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back to article Google (finally) adds protection for common Web 2.0 attack

Google has beefed up the security of Gmail and its other services by adding a feature to login pages that blocks one of the more common forms of web attacks. The upgrade is designed to protect against CSRF, or cross-site request forgery, attacks. The technique subverts basic website defenses by exploiting the often-misplaced …

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per page tokens are very annoying

Most website didn't adopt this measure because it produces tons of false positives. Clicking the back button on your browser, double clicking a button under certain conditions, hitting refresh and so on, will trigger this protection. It's a great thing on banking websites, but very annoying on general purpose websites. Per page tokens should be a last resort measure.

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WTF?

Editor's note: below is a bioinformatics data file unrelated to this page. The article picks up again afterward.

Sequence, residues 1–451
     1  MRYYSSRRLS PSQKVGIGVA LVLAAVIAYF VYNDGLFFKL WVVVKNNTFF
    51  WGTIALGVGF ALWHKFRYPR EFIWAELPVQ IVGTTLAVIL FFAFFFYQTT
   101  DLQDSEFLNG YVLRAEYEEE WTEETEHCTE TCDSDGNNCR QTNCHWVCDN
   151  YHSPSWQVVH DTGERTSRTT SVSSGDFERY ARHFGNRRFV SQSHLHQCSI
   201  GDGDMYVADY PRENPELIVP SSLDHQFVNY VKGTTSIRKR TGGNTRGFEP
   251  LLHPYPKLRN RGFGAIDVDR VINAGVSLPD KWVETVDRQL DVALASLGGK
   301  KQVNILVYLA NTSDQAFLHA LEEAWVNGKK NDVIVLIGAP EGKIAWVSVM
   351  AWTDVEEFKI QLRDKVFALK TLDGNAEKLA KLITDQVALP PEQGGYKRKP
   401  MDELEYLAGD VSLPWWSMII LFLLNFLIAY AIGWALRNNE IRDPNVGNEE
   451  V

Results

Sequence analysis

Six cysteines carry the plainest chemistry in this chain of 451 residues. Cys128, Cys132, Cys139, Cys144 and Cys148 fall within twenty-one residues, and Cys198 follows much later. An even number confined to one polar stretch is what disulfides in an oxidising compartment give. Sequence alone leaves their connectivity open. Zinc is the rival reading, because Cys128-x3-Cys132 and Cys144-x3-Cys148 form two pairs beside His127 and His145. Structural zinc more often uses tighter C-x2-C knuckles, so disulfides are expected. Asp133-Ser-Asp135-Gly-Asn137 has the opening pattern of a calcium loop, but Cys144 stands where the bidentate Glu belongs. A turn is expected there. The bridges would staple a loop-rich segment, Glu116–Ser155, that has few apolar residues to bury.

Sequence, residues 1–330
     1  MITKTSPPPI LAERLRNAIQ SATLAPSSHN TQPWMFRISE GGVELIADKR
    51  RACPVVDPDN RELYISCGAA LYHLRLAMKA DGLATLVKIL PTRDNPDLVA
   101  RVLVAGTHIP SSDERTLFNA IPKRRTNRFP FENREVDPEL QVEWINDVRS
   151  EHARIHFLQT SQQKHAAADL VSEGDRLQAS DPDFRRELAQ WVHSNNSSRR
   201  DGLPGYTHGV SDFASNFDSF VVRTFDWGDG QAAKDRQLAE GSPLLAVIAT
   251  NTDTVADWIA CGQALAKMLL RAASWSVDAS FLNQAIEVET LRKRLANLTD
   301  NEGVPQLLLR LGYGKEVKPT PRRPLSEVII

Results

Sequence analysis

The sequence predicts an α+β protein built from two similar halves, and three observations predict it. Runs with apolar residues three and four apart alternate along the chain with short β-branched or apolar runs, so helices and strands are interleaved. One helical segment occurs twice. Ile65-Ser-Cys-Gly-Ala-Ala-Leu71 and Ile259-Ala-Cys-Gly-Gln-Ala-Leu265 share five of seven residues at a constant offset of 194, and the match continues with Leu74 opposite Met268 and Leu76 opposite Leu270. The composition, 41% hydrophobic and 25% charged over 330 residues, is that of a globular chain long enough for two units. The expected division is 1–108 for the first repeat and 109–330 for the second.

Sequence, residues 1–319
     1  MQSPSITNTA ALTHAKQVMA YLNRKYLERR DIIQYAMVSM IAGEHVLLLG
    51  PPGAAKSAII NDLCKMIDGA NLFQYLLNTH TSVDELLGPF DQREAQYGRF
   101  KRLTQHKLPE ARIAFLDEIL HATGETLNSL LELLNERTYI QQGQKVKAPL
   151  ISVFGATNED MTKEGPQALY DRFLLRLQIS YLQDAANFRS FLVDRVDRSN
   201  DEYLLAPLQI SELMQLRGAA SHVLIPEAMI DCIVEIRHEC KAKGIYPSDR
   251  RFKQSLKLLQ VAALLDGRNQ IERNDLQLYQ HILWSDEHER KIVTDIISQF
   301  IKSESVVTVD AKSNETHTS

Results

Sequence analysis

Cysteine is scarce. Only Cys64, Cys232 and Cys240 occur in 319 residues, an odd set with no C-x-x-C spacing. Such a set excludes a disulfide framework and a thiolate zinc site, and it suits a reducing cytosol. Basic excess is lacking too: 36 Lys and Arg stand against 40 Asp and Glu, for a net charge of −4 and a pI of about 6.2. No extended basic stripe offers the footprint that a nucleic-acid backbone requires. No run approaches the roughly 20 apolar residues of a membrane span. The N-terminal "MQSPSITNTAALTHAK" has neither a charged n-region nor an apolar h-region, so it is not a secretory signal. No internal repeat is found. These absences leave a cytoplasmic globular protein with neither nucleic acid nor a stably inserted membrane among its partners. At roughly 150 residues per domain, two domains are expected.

Web 2.0?

What exactly makes CSRF exclusively a 'Web 2.0' vulnerability?

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@nickrw

"What exactly makes CSRF exclusively a 'Web 2.0' vulnerability?"

Marketing.

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Happy

Did this Break gmail?

I haven't had any spam all day. What's happened?

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Coffee/keyboard

@Graham Dawson

Coffee, keyboard, you know the drill....

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Anonymous Coward

@pitagora

"Per page tokens should be a last resort measure."

Personally I only use token-checking against non-idempotent requests. That _seems_ to work ...

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